12V Thermostats

26 Posts
Feb 19, 2010 07:59 pm
12V Thermostats

I've got 12VDC battery power and 12VDC "El Sid" circulator pumps for my hydronic heating.  Right now I have the pumps wired to a manual switch and they work fine, but I need to have zone thermostats.  How do I set up thermostats to drive the pumps?  All thermostats I've found which can run on 12VDC have something like 0.5A max load, so they can't run a pump directly.  Do I have to use a relay?  Has anyone built a system like this before?  I wish there was just a thermostat which I could just wire to power and to the pump and it would work.  It only needs to drive about 2A.  Any help is appreciated.
462 Posts
Feb 22, 2010 10:49 am
Re: 12V Thermostats

Thomas, most household thermostats, a basic honeywell round for example, operate on 24 volts. They are normally wired to a relay at the boiler to run the pumps at 110 volts. They should be able to handle the power going to an El Cid pump. Just install the thermostat in series on the power line coming or returning from the pump.
« Last Edit: Feb 23, 2010 10:07 am by Tom Mayrand »
220 Posts
Feb 23, 2010 02:10 pm
Re: 12V Thermostats

 hey guys,

yep, bet with such low current the standard thermostat would work a treat.

another option might be one of these no frills universal jobs our hosts have available.


some nice ratings with that one...wish they gave a link to the full spec sheet?

sounds like you are good to go..those were seperate pumps without any electronic zone valves?..also, we might want to go bigger than the standard telephone/signal wire with the hookups.

cheers, dave

edit: .."one of these no frills.." should read.. "two of these.."
« Last Edit: Feb 23, 2010 02:16 pm by david ames »
26 Posts
Feb 23, 2010 06:47 pm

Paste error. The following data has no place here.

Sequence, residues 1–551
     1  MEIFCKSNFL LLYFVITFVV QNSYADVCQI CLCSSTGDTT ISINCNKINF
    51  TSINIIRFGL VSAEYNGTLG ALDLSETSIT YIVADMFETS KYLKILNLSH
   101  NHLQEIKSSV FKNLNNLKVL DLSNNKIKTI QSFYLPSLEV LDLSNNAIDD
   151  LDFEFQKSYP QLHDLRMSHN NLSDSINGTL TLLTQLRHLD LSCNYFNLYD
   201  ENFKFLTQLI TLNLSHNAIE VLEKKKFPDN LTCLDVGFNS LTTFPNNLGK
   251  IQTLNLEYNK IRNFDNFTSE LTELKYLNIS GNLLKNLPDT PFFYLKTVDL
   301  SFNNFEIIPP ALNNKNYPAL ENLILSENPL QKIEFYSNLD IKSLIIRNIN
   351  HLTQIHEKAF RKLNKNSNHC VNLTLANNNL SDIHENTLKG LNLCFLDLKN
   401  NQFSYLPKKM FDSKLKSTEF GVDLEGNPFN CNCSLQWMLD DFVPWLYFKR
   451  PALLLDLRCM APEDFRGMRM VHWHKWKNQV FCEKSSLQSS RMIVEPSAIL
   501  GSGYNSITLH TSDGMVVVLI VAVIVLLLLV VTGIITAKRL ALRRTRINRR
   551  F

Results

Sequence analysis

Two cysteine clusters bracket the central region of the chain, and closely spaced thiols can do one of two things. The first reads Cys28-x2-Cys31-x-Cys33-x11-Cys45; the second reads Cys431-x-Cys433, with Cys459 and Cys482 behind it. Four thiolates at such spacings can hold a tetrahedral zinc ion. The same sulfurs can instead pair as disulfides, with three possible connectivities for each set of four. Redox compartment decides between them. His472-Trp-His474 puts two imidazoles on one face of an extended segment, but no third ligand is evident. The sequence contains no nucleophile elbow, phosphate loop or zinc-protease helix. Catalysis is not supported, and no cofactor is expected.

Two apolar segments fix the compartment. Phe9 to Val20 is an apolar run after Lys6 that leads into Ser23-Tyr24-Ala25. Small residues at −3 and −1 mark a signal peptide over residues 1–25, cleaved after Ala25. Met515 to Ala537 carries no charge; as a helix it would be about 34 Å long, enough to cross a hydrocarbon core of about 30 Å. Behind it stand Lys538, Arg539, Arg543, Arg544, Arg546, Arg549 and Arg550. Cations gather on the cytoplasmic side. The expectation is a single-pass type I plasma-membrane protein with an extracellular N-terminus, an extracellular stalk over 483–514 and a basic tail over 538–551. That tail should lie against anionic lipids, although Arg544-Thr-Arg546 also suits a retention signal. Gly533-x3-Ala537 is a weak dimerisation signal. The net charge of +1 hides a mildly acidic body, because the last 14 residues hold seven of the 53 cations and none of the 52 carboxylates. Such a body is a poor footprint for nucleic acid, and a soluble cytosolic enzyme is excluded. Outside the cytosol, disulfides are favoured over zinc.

Re: 12V Thermostats

The standard thermostats have a maximum load rating of between 0.3 and 1.3 Amps.  That's not quite enough to run a 20 Watt pump at 12 Volts.  Do you think it's OK to exceed their maximum ratings, or would I risk frying something?  The Wirsbo rep said I would need a relay for their thermostat, and they only sell line-voltage (120 VAC) relays.  I'm going to search for automotive relays.

The thermostat you linked to is rated for 10A @ 12VDC, so that might be my best bet.  I was really hoping for something programmable though.

Yes, they're seperate zone pumps, not valves.  They pull individually through a manifold from a solar storage tank (or back-up propane water heater which is triggered by flow).  There is no single system pump.

I'm using 10 guage wire for all of my 12 VDC systems to minimize voltage loss.  If I end up using relays, I'll probably go with 14 guage for the signal wire.

220 Posts
Feb 25, 2010 12:17 pm
Re: 12V Thermostats


 i don't think we will find anyone who will come out and say it's OK to run equipment outside of it's published ratings. but that is what i would do.

 had a brief look at those programable wirsbo thermostats and did not find one that would work..those were all hardwired "voltage stealing" units i saw.

 what we need is a battery powered job (stand alone)..lots to choose from..you are correct to question the max current rating and the relay option may be a better bet..(although we will still be running outside the ratings..ie 24vac verses 12vdc)

 here is a doodle to show the possible hookups.

 cheers, dave
462 Posts
Feb 25, 2010 12:36 pm
Re: 12V Thermostats

Thomas, the 0.3 - 1.3 is not the load rating of the thermostat. Why would the maximum amp load be variable? That range is for the heat anticipator setting for the control on a boiler. The current output from the thermostat has to match the current needed on the electronic boiler control in order for it to work correctly.
 What you are worried about when running power to your El cid, from a battery or controller, is the overall power rating of the thermostat's contacts. All a thermostat is, is a switch. You can use a 110 volt thermostat without a problem if you choose to also. 
« Last Edit: Feb 25, 2010 12:40 pm by Tom Mayrand »

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